October 8, 2016

Interested in turning your garage into a workshop? Or just tired or waking up to a freezing car in the winter? The problem with garages is they aren’t typically made to stay warm. Here are some ways you can change that safely and without hiking up your energy bill.

As always, insulation is the first thing to check. Anytime you are having a heating problem, the first step is to make sure the insulation is updated and complete. Without proper insulation, a large amount of the heat from your heater will be lost to the outside. When properly done, you can probably get a more efficient, energy-saving heating unit and not lose so much heat.

Do Not …

… extend the ducts that heat your house into your garage. Harmful carbon monoxide fumes from the car and debris from your workshop will get pulled into the house.

… use portable space heaters that are fueled by kerosene, oil, or propane. They are dangerous for your health because of the carbon monoxide they release. They are also not safe to use around workstations where a lot of flammable material like sawdust will be floating around.

Your best choices will be between natural gas or electric units. Natural gas is said to be more economical while some of the electric options are more environment-friendly. Natural gas units can usually be hooked up to your existing gas line if you have one. All kinds come in mountable or portable varieties.

Which kind of heating unit you choose partly depends on how much space you want to heat up. Are you looking at the whole garage or just a workstation area? With improved searches on home improvement sites, you can narrow down what you’re looking for by the square footage you want to heat. For reference, a 2-car garage is roughly 200 ft2 and a solo woodshop is recommended to be about 1,000 ft2.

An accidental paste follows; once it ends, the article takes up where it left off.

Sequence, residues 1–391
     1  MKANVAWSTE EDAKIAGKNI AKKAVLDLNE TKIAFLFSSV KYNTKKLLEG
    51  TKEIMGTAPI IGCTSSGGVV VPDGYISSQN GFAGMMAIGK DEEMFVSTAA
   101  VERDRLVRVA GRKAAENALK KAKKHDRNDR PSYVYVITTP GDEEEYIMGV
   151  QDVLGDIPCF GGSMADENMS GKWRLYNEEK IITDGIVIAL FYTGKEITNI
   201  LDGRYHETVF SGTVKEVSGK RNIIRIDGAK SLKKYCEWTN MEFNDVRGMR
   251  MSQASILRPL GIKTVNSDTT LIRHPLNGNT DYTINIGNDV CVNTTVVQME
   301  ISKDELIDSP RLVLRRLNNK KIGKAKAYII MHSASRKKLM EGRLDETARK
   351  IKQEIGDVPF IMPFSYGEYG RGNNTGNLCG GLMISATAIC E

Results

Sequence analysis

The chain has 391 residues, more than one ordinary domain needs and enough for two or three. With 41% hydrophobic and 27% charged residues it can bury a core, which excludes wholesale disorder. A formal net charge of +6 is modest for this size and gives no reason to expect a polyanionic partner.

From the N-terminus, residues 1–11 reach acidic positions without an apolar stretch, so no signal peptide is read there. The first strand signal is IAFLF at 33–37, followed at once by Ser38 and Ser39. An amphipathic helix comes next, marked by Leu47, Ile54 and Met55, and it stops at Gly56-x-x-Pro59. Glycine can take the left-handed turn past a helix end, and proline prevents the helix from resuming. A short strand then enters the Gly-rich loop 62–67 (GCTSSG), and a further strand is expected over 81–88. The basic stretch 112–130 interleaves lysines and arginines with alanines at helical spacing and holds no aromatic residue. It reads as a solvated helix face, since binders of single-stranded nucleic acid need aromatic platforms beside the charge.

Natural Gas

Most of these units will be forced air. This means that a fan blows air through a duct or over coils. They need good ventilation to the outside and can bring in the fresh air instead of recycling it. It can be turned on and off manually or with a thermostat.

This type can be problematic for a workshop since it stirs up dust. It also takes a while to reheat the room after a door or window is opened. They are, however, great for heating large spaces.


Electric heaters use infrared or radiant heating. This type heats up the objects around it instead of heating the air, the same way the sun does. It makes for uniform heat but it doesn’t cover a large area. Electric heaters also warm slowly and will stay cool to the touch even after running for hours. Because they don’t blow heat the air doesn’t get as dry as with forced-air units. Most people find they work best as a supplemental heater or for a smaller, specific space.

You can get any kind in a larger unit that can be installed on your wall or ceiling. There are smaller portable options as well. Some models can do either.


One more option worth mentioning is a sealed combustion heater. These can run on either electricity or natural gas. They give the output of a normal furnace but the combustion area is sealed off or separated from any debris or fumes in the air. A non-sealed unit will pull in the dust and toxic fumes and could ignite a fire or explosion. These types of heaters are one of the more expensive and have costly ductwork that has to be installed. The best are around 83% thermal efficiency and can cover a large area.

When it comes to making your choice, choose safety first. On that note, heater installations are best left to an HVAC professional. You want to make sure that you have proper ventilation and hookups. You don’t want to recycle carbon monoxide or paint fumes back into the room. An HVAC professional can also recommend the right model for your space.

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